The opinion of the court was delivered by: MOTLEY
The instant request for a stay pending appeal arises in the context of Dominick Vulpis's appeal of various orders of this court in this proceeding under N.Y. Civ. Prac. L. & R. 5228, et seq. For the reasons set forth herein, the request is denied.
The events leading up to the instant conflict are set forth in this court's recent decision in this matter,
familiarity with which is assumed.
The instant request for a stay indirectly pertains to two previous orders of this court. The first order, dated September 7, 1995, granted the petition of Trustee and Receiver Louis D'Angelo (hereinafter "D'Angelo"), the individual responsible for overseeing the assets forfeited by defendants in this case, and provided that D'Angelo could oversee the liquidation of several corporations whose shares were seized to satisfy the judgment herein. The second order, dated November 7, 1995, denied the cross-petition of Dominick Vulpis (hereinafter "Vulpis") -- a shareholder in corporations affected by the September 7, 1995 order -- which sought a determination that the shares of stock in these corporations held by D'Angelo were actually Vulpis's property.
By motion filed subsequent to these orders, D'Angelo sought authorization from the court to sell one of the companies under his control. He also sought authority from the court to engage counsel to assist him in selling the assets under his control and to seek working capital to carry out his functions as trustee. By sealed order dated January 31, 1996, this court refused to authorize the sale, but granted the other relief sought in D'Angelo's motion.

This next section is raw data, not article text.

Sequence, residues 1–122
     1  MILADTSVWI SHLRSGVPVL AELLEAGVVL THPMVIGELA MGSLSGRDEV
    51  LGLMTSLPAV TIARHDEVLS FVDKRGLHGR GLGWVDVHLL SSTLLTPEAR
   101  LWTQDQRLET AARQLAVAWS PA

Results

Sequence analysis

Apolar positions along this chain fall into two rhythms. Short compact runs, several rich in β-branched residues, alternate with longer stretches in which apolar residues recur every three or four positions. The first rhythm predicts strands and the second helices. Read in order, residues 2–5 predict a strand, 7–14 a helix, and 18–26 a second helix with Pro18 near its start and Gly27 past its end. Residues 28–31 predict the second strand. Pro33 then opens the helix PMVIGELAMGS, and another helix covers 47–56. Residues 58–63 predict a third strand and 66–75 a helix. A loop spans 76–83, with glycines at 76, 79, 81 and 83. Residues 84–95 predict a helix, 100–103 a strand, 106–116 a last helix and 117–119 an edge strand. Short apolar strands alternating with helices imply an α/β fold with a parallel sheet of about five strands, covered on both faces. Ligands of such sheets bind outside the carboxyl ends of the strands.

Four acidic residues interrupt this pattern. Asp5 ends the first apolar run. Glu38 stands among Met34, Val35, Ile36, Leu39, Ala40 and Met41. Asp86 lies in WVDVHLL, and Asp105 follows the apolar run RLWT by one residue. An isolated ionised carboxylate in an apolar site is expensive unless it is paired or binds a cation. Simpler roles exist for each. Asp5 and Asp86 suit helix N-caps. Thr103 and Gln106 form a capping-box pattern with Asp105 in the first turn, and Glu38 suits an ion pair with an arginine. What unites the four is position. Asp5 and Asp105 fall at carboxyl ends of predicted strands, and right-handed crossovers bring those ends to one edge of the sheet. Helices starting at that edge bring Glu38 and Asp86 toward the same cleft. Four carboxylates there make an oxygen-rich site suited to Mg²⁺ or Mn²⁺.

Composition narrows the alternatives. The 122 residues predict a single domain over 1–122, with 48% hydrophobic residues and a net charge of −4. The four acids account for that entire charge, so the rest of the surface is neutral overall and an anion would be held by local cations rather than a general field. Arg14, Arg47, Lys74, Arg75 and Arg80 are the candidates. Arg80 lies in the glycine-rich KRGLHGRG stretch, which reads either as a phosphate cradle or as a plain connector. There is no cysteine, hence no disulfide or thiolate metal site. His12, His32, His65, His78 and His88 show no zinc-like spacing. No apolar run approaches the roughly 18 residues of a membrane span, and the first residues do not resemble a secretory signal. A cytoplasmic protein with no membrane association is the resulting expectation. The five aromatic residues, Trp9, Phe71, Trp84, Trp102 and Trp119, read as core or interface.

A stay pending appeal is governed by Fed. R. Civ. Proc. 62(c) and Fed. R. App. Proc. 8(a). As the Supreme Court in Hilton v. Braunskill, 481 U.S. 770, 95 L. Ed. 2d 724, 107 S. Ct. 2113 (1987) stated:
Under both Rules . . . the factors regulating the issuance of a stay are generally the same: (1) whether the stay applicant has made a strong showing that he is likely to succeed on the merits; (2) whether the applicant will be irreparably injured absent a stay; (3) whether issuance of the stay will substantially injure the other parties interested in the proceeding; and (4) where the public interest lies.
In support of the stay, Vulpis argues that should the sale close before a final disposition of his appeal unspecified "substantially difficulties (sic) will arise." (Affidavit of Dominick Vulpis, dated January 22, 1996, at P 15.) He asserts further: "logic and fairness dictate that the appellate issues be resolved before any proposed transaction close (sic)." (Id. at P 17.)
Because the court has denied that portion of D'Angelo's motion that seeks authorization for the sale of the assets in question that portion of the cross-motion addressing this item is moot.
With regard to the remainder of the motion, concerning D'Angelo's use of counsel to assist him in disposing of the assets and his proposal to raise working capital to manage the assets, Vulpis has failed to make any showing of his likelihood to succeed on the underlying appeal or to discuss the extent of possible harm to other parties herein that could result from the issuance of a stay. In addition, Vulpis sets forth no irreparable harm from the denial of a stay; indeed, the only fathomable harm that could result from the denial of a stay would be economic, and thus, by nature, not irreparable. JSG Trading Corp. v. Tray-Wrap, Inc., 917 F.2d 75, 79 (2d Cir. 1990). Lastly, in cases such as the matter sub judice, it is often against the public interest to impede the termination of the offensive conduct or delay the amelioration of its effects. Cf. United States v. Private Sanitation Indus. Assoc'n of Nassau/Suffolk, 44 F.3d 1082, 1084 (2d Cir. 1995) (holding "while [defendant] may well suffer irreparable harm from the divestiture of his companies, the interests of the government and the public in terminating the control of trash handling on Long Island by criminal conspirators weigh heavily against granting a stay [pending appeal]"). The ...